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Front Page » May 29, 2007 » Sports » Sports
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Sun Advocate sports reporter

JJ Blue and Bradey Wilde receive academic all-state honors at the 3A state baseball finals on May 19

During the 3A state championship baseball finals on May 19 two Carbon High seniors were presented with the highest of student athlete honors. JJ Blue and Bradey Wilde were both honored by the Utah High School Athletic Activities Association for Academic All-State. Blue and Wilde are the first Carbon High baseball players to be chosen in recent school history and the first time Carbon has placed two players on the same baseball team. Both players had a 3.96 grade point average, batted over .400 percent and lead the team in total hits.

Blue has been accepted to the University of Utah in electrical engineering and is the recipient of the top ten scholarship award from the U of U, Price Elks Scholarship, CHS football boosters scholarship award and the Bob Haley Memorial Scholarship.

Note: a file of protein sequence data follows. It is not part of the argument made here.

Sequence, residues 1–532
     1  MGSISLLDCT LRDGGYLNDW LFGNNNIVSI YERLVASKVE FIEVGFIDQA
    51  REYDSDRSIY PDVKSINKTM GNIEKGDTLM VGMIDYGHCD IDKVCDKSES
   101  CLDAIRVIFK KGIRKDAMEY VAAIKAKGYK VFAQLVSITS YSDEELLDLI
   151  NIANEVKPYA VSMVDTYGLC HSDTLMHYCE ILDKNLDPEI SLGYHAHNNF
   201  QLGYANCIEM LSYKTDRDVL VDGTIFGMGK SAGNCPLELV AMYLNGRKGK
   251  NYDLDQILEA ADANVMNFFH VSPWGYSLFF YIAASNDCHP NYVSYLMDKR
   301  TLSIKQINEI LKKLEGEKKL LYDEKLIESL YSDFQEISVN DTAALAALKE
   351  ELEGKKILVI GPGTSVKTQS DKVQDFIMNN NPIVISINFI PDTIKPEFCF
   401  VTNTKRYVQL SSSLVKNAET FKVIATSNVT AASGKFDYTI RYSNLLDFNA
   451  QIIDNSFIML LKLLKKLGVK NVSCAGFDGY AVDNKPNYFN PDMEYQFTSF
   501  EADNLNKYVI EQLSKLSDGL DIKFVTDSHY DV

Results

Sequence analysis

Wilde plans to attend the College of Eastern Utah in civil engineering and is the recipient of a full tuition academic scholarship from CEU. He is also the recipient of the top ten scholarship award.

Both players have been invited to play in the state 3A all-star baseball game in Ogden at Linquist Field.

A courtside view of new CEU mens basketball coach Chris Craig. The college will host an open house for citizens to meet the coach and for civic organizations to recruit him on May 30 in the BDAC from 5:30 to 7 p.m.

Desert Thunder motor speedway roars to life with weekend summer racing.

Kenna Hepworth with an 11 pound Splake at Joes Valley Reservoir.